Andrew Yang Says People Who Claim To Know How The Election Will Pan Out Are ‘Full Of Sh*t’

Democratic presidential candidate, entrepreneur Andrew Yang greets guests at the Polk County Democrats' Steak Fry on September 21, 2019 in Des Moines, Iowa.
Scott Olson / Getty Images

Democratic presidential candidate Andrew Yang has experienced impressive success for someone that was a political unknown before he registered with the Federal Elections Commission (FEC) in 2017 to run for president. Although his campaign’s steady momentum has yet to break him into the upper ranks, he appears confident that he will be able to do so with the support he has continued to gain as he breaks into the mainstream.

According to a tweet by ABC News reporter Armando Tonatiuh Torres-García, Yang used a recent campaign stop in Adel, Iowa, to suggest that people who believe they know how the election is going to pan out are “full of sh*t.”

Yang’s positivity isn’t unfounded. In another tweet, Torres-Garcia covered Yang’s Des Moines office opening where the candidate revealed that his campaign earned more than double the amount of money in the third quarter than the second.

“We have four months to change the course of history,” he reportedly said.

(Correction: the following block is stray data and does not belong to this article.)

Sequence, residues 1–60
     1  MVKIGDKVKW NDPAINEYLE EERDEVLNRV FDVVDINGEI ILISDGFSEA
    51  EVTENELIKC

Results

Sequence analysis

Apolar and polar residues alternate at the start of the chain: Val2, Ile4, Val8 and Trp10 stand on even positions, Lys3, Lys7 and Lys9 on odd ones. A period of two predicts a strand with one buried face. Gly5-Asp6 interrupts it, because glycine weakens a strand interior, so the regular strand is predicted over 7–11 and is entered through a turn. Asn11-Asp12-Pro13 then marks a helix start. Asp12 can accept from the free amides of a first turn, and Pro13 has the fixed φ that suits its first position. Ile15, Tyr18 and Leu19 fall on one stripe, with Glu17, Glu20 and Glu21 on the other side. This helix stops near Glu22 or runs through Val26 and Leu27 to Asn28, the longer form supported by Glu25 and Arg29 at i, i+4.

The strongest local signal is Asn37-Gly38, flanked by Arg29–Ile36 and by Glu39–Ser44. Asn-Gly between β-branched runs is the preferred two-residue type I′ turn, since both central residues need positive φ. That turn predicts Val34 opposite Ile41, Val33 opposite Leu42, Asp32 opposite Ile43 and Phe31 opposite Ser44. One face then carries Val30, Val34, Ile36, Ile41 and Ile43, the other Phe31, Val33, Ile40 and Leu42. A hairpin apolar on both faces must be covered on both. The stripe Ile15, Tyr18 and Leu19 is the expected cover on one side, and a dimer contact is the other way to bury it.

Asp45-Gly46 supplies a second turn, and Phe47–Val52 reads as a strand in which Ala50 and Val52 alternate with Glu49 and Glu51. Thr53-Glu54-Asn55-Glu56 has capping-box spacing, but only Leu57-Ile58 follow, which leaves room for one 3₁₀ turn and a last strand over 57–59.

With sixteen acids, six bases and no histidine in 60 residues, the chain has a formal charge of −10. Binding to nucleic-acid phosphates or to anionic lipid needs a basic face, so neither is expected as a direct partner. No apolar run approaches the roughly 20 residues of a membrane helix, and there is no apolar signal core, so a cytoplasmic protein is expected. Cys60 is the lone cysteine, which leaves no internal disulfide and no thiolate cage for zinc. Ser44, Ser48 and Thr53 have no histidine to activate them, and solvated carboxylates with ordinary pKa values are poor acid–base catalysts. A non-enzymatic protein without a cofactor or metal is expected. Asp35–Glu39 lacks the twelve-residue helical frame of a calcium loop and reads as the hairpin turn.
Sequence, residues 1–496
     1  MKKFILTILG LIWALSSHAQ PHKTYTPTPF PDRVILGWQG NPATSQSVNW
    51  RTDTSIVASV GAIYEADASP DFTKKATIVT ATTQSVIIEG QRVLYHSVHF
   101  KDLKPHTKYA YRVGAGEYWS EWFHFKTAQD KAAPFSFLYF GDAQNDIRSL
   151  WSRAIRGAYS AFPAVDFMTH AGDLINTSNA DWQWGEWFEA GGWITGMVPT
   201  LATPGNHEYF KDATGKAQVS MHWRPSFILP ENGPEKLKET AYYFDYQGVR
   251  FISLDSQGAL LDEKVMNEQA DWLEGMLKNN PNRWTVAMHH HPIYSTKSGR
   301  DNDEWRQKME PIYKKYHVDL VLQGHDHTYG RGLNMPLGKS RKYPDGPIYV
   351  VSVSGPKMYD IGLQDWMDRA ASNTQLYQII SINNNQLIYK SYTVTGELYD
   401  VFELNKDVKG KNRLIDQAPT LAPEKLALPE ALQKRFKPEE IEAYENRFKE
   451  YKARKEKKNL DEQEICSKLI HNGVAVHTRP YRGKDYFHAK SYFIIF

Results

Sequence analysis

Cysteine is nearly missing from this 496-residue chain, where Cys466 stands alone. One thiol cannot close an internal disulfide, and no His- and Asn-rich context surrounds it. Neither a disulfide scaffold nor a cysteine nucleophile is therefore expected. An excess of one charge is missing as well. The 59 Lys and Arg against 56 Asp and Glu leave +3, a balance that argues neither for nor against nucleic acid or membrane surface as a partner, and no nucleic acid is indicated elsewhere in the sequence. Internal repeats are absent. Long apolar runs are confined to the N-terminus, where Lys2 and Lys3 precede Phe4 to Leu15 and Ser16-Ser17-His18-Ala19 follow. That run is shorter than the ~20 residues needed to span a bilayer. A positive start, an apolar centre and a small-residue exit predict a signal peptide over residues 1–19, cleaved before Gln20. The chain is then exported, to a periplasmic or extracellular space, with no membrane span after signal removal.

Yang’s signature proposal is a universal basic income (UBI) of $1,000 per month for every American. While critics have attacked Yang for trying to purchase votes, the 44-year-old serial entrepreneur has stated that his plan is less about money and more about what it can provide for people. According to Yang, his plan is to ensure that every American has an unconditional floor to prevent them from falling into poverty.

Critics of Yang’s proposal suggest that his UBI is a means of eliminating the social safety net of welfare programs. In a recent conversation with The Young Turks’ Cenk Uygur, who pressed Yang on how his plan will affect welfare programs, the presidential candidate said he would not touch existing welfare programs or decrease funding to them with his UBI proposal.

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A recent article for The Atlantic described Yang’s campaign as economics-centric, which has drawn him a unique base of support from all ends of the political spectrum. While progressives fight against the “racism, nativism, and misogyny” they believe is driven by the rise of Donald Trump and conservatives believe that the president’s win was a response to the left’s increasing “political correctness” and “demonization” of previous American traditions, the report suggests Yang’s coalition often views the world a bit differently.

“And there’s a third group that thinks it’s all a dangerous distraction, a fight over where to place the chaise lounges on the Titanic,” the outlet wrote.

Yang’s UBI is proposed as a necessary response to the threat of automation he believes is hollowing the American economy of the most common jobs. He plans to pay for his UBI by taxing Big Tech companies such as Amazon that are believed to benefit the most from automation.